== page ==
Reuters, AFP, dpa
Turkish lawmakers have warned that French trade might be hurt and illegal Armenian immigrants expelled from Turkey if France's parliament passes a law punishing anyone denying the Armenian genocide of 1915.
Ankara recalled its ambassador to France in May after opposition Socialists presented the bill in parliament, where it is due to be debated on Oct. 12.
Turkey denies charges that Ottoman Turks committed a systematic genocide against Armenians during World War One, saying large numbers of both Christian Armenians and Muslim Turks perished in a partisan conflict raging at that time.
"If this bill is passed, it will damage the interests not only of France, but also of Armenia," Sukru Elekdag, a lawmaker in Turkey's main opposition party, the Republican People's Party (CHP), told reporters at Turkey's embassy in Paris on Wednesday.
While the conservative majority in France's parliament opposes the bill, the Turkish deputies said they believed many opponents would not vote against it for fear of upsetting the 400,000 strong Armenian Diaspora in France ahead of elections next year.
Elekdag was part of a delegation of lawmakers from both the ruling majority and the opposition who were in Paris to meet their French counterparts and lobby against the bill. "There are 70,000 Armenians today who are in Turkey illegally and who are working ... All these people will be expelled (if the bill is passed)," he said, adding the bill would "poison relations between Turkey and France".
Mehmet Dulger, head of the Turkish parliament's foreign affairs committee, agreed that the expulsion of illegal Armenian immigrants was a possibility. "It is something to be considered," he said. "That's not all. France has interests that are very important (in) Turkey like nuclear power-plant projects, helicopter projects and other kinds of projects which will be slowed down because we feel that this law is hostile."
France, which has already passed a law recognizing the 1915 massacre as genocide, had 4.66 billion euros ($5.9 billion) of exports to Turkey last year, according to Trade Ministry data.
French President Jacques Chirac said during a trip to Armenia last weekend that Turkey needed to recognize the killings as genocide if it wanted to join the European Union. There is widespread skepticism in France over Turkey's push to join the European Union and Chirac has said the French should be able to hold a referendum to decide on further enlargement.
Meanwhile, Turkish groups in the Netherlands expressed concern Thursday that voters of Turkish origin will boycott elections after candidates for parliament were bumped off the electoral lists after refusing to acknowledge the Armenian genocide. Last week the Netherlands' two biggest political parties, the ruling Christian Democrat CDA and the opposition PvdA labor party, scrapped three prospective MP's of Turkish origin from their list of candidates for the November 22 elections because they would not recognize the World War I massacre of Armenians as a genocide.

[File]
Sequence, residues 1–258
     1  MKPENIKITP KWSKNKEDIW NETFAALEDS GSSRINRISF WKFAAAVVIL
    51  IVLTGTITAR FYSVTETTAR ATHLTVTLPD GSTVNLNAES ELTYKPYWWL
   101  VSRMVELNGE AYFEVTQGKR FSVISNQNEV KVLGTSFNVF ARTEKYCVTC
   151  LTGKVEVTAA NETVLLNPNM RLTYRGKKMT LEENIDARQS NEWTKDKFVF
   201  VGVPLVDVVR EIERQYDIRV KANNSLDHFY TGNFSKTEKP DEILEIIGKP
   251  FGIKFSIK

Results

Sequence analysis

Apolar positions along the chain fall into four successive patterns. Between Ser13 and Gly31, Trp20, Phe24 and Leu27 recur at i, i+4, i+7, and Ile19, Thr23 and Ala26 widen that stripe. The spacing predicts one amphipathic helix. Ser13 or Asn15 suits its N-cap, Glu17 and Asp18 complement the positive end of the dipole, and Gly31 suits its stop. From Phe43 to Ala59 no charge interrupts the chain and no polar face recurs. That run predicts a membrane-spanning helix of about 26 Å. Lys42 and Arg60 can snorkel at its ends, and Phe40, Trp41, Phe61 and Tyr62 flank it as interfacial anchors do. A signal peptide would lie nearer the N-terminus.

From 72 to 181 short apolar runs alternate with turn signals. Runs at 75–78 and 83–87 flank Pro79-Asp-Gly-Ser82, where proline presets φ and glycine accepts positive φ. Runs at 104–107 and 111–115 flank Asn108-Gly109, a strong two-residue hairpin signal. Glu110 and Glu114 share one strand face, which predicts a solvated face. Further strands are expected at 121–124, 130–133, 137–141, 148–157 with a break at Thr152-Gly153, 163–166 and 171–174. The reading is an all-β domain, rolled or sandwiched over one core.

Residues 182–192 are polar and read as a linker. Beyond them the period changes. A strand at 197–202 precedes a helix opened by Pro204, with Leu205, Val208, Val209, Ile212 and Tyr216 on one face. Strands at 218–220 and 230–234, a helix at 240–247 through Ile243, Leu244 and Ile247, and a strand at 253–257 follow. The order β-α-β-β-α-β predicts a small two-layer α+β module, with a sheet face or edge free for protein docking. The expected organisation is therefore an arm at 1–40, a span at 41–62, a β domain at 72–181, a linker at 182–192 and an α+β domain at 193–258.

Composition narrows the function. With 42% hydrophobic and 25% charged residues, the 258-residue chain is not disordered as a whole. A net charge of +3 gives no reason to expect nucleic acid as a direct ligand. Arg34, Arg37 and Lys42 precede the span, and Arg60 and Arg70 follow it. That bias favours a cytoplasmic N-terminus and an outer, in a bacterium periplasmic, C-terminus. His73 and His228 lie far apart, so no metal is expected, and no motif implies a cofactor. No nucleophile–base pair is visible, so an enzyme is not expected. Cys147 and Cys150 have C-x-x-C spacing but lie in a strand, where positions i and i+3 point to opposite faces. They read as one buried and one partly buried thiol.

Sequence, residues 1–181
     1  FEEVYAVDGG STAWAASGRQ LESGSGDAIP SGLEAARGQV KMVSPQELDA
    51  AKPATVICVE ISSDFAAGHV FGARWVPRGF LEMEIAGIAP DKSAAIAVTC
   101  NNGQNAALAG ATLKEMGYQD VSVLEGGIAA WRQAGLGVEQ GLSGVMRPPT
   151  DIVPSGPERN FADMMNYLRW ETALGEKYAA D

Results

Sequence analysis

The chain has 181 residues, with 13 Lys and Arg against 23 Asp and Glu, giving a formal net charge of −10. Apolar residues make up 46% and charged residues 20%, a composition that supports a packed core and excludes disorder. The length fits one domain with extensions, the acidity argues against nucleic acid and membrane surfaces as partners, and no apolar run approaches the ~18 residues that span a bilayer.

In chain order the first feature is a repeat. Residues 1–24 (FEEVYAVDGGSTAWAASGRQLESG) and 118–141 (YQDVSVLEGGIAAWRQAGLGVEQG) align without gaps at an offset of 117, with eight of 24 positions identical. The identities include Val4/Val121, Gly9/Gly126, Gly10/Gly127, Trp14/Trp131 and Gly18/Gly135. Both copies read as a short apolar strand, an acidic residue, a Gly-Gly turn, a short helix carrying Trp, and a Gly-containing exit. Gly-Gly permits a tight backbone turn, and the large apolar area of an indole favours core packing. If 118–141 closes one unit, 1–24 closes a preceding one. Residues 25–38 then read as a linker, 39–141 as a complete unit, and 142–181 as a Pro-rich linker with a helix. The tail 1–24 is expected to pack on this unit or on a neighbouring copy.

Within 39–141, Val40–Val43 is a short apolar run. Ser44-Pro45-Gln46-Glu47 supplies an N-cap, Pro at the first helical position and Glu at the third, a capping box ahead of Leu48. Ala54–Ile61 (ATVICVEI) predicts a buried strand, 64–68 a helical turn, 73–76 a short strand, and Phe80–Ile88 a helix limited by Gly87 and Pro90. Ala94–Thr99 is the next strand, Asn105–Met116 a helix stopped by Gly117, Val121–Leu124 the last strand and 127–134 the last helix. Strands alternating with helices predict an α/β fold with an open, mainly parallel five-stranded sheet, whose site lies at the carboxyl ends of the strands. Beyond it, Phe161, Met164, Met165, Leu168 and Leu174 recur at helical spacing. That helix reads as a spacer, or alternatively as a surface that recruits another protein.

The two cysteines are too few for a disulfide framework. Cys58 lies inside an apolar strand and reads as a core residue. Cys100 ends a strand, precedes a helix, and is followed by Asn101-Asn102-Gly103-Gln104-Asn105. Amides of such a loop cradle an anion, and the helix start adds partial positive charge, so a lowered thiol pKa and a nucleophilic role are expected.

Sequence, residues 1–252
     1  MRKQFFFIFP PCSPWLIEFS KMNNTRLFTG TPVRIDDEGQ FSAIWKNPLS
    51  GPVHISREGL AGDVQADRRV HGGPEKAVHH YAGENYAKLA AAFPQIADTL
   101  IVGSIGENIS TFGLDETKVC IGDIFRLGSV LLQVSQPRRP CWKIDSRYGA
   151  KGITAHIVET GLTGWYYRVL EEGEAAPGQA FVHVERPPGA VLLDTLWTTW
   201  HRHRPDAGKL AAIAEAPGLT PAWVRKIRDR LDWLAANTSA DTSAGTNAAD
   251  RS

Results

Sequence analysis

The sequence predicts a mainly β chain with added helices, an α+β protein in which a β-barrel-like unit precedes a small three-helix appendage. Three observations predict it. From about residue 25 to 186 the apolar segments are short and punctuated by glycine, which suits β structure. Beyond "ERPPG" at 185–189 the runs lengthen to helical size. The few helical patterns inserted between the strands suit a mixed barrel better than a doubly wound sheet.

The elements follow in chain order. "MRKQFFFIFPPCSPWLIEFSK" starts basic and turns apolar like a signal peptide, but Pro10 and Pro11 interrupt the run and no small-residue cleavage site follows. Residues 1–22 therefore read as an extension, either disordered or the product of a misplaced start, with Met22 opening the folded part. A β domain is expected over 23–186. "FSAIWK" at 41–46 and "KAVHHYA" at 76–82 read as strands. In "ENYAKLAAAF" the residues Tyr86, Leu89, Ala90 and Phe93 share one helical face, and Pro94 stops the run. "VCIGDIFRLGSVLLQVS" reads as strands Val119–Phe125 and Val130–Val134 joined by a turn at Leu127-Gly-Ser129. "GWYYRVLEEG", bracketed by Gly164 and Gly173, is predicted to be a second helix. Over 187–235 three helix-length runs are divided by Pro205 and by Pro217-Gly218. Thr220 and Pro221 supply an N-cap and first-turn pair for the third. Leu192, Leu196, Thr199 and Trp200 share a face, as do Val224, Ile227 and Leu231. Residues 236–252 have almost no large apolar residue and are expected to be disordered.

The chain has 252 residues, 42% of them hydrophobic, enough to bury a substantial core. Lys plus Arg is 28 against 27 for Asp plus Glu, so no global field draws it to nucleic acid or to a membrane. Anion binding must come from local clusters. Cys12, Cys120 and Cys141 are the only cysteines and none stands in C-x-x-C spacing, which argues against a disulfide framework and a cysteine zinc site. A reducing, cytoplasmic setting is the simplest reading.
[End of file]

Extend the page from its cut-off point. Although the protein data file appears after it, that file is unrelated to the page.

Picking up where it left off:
"We have heard from every side that voters of Turkish origin are disappointed and do not understand, and we fear this could have consequences for the participation of the Turkish community in Dutch politics," said Ahmet Azdural of IOT, an umbrella group representing some 300 local Turkish organizations in the Netherlands.
"We have called on all organizations and bodies together, with national and local politicians of Turkish origin, to meet Sunday in Capelle aan den IJssel (near Rotterdam) to agree on a course of action," Azdural told AFP.
There are 235,000 voters of Turkish origin in the Netherlands, corresponding in terms of population to some three seats in the 150 seat parliament. Statistically the Turkish community in the Netherlands votes in higher numbers than other immigrant communities and they traditionally favor the PvdA labor party.
In a related development, the editor of a Turkish-Armenian magazine was Wednesday awarded the Norwegian Bjornson prize, worth 100,000 kroner ($15,200), for highlighting massacres of the Armenian minority by Ottoman Turks in 1915. Agos' editor Hrant Dink has frequently written on the subject that continues to generate controversy in Turkey today, and has had frequent run-ins with Turkish authorities.
The prize was to be handed out at a November 24 ceremony in the Norwegian west coast city Molde, the Norwegian news agency NTB reported. The prize is awarded by the Bjornson Academy, established in 2003 to protect freedom of expression. Members include researchers from Norway and other countries as well as authors, journalists and politicians including two former Norwegian prime ministers, Kare Willoch and Kjell Magne Bondevik.
Academy president Knut Odegard said the November 24 seminar would focus on Armenians.
The prize was named after Norwegian poet, author and dramatist Bjornstjerne Bjornson (1832-1910). Previous winners were Vivian Fouad and Samir Morcos from Egypt for their efforts to promote ties between Muslims and Christians, and Esma Redzepova from Macedonia who has championed the rights of the Roma people.